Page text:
• 2020 GAPNA Pharmacology Conference: Contemporary Pharmacology and Prescribing in Older AdultsJoin us at the 2020 GAPNA Pharmacology Conference:
    Contemporary Pharmacology and Prescribing in Older Adults

    April 14-18, 2020, Honolulu, HI.

    Earn up to 18 CNE hours.

     

    Find out more about it and REGISTER today!

  • W A N T E D   G A P N A   L E A D E R S!
    Call for Nominations!

    Have you ever considered stepping forward, accepting the challenge and volunteering for a position on the 2020-21 National Board of Directors? Register online NOW by March 22, 2020!

    Step Up - NOW is the Time! Register Here>

  • AwardNew for GAPNA members: MCM Education

    GAPNA has partnered with a MCM Education to offer an ongoing series of CNE programs available to GAPNA members. "Diagnosing and Managing Parkinson’s Disease in Older Adults," is the latest program offered.

    Parkinson’s disease (PD) is characterized by both motor and nonmotor symptoms. It is diagnosed based on the presence of two of four motor symptoms including rest tremor, bradykinesia, rigidity, and gait imbalance...

    Find out about it!

  • ConventionCALL FOR: Podium and Poster Abstracts

    For the 38th GAPNA Annual Conference
    at the Hyatt Regency
    New Orleans, LA, September 24-26, 2020

    GAPNA members are invited to submit an abstract about their innovative work, that should enrich the APRN's knowledge and/or enhance the care of an older adult. Deadline March 15, 2020.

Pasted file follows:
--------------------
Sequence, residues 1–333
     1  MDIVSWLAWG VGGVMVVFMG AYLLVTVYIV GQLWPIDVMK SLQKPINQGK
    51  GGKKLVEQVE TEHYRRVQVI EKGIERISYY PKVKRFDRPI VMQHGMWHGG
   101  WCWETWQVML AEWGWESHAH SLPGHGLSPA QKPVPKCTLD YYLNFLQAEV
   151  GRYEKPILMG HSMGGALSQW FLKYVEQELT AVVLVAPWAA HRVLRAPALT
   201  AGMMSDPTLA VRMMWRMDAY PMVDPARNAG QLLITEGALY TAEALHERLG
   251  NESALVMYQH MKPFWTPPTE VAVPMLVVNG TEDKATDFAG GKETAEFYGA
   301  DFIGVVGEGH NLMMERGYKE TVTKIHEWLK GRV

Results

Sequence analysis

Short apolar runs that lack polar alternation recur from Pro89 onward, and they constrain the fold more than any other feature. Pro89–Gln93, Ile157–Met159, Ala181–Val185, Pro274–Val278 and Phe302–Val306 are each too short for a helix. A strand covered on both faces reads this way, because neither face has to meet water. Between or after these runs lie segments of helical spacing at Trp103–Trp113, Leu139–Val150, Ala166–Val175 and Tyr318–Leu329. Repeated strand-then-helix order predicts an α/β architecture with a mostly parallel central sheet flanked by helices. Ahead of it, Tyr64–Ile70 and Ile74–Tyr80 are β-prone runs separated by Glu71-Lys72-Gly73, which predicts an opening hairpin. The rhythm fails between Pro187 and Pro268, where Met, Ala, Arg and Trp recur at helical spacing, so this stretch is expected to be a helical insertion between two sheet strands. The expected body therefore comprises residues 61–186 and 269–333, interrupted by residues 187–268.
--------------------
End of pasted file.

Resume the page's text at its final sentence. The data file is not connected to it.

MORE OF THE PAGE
Find out more info and deadline dates

  • FREE CE for GAPNA MembersFREE continuing education credit is available for the following session:

    "Update in Chronic Kidney Disease Management and Prescribing"

    (session captured at the GAPNA 2018 Annual Conference)


    For January/February 2020 - Get Your Free CNE Now!

Several Risk Factors Point to the Use of High-Risk Medications in Older Veterans

Certain medications are not appropriate for the elderly and may cause more harm than good.

These include certain antihistamines, analgesics, muscle relaxants, psychotropics, and cardiac medications. A list of these medications has been established by the National Committee on Quality Assurance to be used as a benchmark by Medicare and other managed care plans.

Although use of these high-risk medications showed a modest decline between 2003 and 2006, some medications rose in usage.

Researchers retrospectively looked at medication use by 1,567,467 veterans 65 years of age and older, who received care from 2003 to 2006 from outpatient clinics run by the Department of Veterans Affairs.

The veterans’ exposure to these high-risk medications decreased from 13.1% in 2004 to 12.3% in 2006. Significant reductions were found for opioid pain relievers, muscle relaxants, psychotropics, endocrine medications, cardiac drugs, and vasodilator medications.

However, relative increases were discovered for amphetamines (10.3%), and ketorolac (8%).

A statistically significant increase in exposure was also found for the antibiotic nitrofurantoin (36.5%). Patients more likely to be exposed to these high-risk medications were female, Hispanic, took a higher number of medications, had a co-existing psychiatric problem, and had a high use of primary care.

For more info, see Pugh et al. (2011). Trends in use of high-risk medications for older veterans: 2004 to 2006. Journal of the American Geriatrics Society, 59(10),  1891-1898.

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